NFC South Spin cycle: Saints defense still needs to tighten up

Dan Parr
Saints fire Spagnuolo, Flajole

It's all smiles in the NFC South after the Saints, Falcons, Panthers and Buccaneers each earned a victory in Week Nine. Here's our take on the division's teams midway through the season.


What we learned: The Saints’ defense is going to have to play better than it did on Monday night to make the kind of run the team needs to get back into the playoff picture. New Orleans held the Eagles to 13 points, sacked Michael Vick seven times and returned an interception 99 yards for a touchdown, but the “D” was gashed for 221 yards rushing on 29 carries (7.6-yard average). The Saints allowed DeSean Jackson to break free for a 77-yard TD. If not for the Eagles’ sloppiness, this game may have turned out differently because the Saints are still a poor tackling team.

What’s in store next: If the Saints don’t win in Week 10, it might be the closest the team gets to a playoff atmosphere this season. The Saints are the last team to defeat the Falcons in the regular season — they did so Dec. 26, 2011 — and they will have the golden opportunity to become the first team to beat the Falcons this season when they host their NFC South rival on Sunday. The Saints have dominated the series, winning 10 of their past 12 games against Atlanta, but the two clubs moved in very different directions in the first half of the season.

What the heck? It’s hard not to wonder what Chris Ivory might be if he had a chance to play a bigger role on offense and was able to stay healthy. It’s also easy to see why the Saints didn’t trade him before the deadline. With Darren Sproles inactive Monday night, Ivory had an opportunity to get involved on offense for the first time this season and he responded by leading the Saints in rushing (10-48-1). In his three-year career, Ivory has produced a 5.0 yards-per-carry average on 226 carries.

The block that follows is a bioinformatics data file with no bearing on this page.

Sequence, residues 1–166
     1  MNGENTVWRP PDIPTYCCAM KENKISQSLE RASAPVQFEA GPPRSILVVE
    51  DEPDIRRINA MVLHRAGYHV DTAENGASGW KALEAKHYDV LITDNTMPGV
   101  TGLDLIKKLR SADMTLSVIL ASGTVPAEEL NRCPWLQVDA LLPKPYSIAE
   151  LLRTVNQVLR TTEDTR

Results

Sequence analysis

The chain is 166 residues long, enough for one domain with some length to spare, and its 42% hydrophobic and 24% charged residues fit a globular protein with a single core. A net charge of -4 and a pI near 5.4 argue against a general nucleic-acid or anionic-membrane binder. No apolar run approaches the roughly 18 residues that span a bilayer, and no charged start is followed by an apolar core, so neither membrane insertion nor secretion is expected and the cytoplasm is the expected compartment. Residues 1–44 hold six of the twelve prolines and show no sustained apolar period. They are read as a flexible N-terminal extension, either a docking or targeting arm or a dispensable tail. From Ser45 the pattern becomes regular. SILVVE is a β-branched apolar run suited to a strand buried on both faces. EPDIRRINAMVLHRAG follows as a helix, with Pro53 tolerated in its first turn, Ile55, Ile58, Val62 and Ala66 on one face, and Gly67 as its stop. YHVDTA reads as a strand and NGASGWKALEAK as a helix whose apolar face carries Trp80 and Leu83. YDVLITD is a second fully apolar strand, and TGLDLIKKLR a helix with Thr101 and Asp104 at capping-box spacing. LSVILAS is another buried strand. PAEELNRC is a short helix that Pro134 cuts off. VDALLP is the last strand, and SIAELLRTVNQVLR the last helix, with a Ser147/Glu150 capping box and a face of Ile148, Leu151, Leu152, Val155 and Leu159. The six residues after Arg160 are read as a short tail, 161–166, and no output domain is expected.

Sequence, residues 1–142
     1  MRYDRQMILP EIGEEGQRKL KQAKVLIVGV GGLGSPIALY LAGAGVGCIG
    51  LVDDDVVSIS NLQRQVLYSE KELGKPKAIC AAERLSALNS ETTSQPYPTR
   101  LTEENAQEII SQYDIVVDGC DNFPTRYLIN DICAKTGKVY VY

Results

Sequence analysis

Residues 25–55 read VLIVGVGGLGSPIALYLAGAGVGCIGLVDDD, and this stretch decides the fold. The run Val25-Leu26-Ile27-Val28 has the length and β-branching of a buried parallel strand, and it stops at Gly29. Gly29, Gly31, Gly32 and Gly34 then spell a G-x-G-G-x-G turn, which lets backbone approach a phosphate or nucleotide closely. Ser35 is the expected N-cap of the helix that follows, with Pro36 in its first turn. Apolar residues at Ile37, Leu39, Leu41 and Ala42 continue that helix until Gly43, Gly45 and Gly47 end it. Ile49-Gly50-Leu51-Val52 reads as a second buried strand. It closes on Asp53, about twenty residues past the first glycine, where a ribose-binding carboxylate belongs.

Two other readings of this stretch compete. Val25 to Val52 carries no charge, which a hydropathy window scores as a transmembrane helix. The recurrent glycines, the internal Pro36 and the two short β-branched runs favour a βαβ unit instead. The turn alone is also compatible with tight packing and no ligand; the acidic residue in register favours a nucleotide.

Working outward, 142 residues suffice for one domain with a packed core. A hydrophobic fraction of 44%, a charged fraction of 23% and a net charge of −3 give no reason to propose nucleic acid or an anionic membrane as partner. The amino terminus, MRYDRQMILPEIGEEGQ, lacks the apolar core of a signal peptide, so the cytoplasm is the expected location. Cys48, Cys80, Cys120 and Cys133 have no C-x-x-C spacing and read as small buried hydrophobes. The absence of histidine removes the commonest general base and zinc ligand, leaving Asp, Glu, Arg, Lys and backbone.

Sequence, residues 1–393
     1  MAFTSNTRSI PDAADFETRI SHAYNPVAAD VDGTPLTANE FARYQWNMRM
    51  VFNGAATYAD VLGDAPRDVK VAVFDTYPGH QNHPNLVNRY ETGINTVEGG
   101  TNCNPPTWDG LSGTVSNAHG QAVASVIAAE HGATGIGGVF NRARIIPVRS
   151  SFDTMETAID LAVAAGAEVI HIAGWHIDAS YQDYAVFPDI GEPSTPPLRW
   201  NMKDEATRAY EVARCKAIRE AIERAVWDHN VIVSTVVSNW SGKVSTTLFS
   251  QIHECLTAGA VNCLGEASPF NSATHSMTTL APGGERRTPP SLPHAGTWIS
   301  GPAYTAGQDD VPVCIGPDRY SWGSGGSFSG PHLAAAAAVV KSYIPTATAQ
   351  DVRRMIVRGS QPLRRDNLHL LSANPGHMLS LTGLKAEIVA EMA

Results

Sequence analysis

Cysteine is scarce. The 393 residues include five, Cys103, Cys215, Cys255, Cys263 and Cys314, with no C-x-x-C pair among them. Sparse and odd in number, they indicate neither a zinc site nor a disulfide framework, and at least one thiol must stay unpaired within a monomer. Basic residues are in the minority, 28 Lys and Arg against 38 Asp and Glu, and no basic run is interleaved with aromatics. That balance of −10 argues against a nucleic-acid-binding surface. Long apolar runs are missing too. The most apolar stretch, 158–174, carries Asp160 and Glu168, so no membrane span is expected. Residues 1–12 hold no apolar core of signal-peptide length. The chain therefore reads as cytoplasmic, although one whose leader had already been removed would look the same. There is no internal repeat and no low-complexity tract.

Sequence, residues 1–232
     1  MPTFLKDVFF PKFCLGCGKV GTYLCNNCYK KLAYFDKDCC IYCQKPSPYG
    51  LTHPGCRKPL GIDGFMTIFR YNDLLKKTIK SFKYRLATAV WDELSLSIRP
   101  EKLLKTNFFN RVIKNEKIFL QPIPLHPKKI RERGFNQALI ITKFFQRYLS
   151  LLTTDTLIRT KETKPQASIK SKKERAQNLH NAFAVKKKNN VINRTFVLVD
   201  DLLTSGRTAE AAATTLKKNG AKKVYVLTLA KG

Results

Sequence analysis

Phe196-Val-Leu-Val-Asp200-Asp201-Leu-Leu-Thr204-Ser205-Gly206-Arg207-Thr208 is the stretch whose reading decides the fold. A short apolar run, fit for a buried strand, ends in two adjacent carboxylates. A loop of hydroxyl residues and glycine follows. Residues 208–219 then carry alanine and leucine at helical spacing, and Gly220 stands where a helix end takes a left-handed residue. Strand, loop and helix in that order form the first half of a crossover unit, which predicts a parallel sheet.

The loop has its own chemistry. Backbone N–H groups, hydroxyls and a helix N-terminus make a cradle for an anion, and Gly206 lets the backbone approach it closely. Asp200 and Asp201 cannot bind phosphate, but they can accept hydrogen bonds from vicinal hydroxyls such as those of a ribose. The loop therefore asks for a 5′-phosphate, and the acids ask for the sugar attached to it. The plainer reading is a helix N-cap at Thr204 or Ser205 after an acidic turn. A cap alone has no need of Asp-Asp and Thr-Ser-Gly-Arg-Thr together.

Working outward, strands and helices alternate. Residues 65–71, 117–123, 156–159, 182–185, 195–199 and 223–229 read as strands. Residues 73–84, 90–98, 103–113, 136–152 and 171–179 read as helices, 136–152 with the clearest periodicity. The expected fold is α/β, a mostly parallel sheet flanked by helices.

What we learned: You can’t say the Falcons’ defense is simply opportunistic anymore. They did not force a turnover in either of the past two games — which were against two of the league’s most turnover-prone QBs this season (Michael Vick and Tony Romo) — but they still managed to hold the Eagles and Cowboys to 30 points combined. The Falcons held the Cowboys to 13 points on a night where they were without one of their top defensive players, WLB Sean Weatherspoon, and were credited with hitting Romo only once all game. There is no doubt Mike Smith and Mike Nolan want to see the “D” get back to taking the ball away, but their defense is becoming very tough to move the ball against.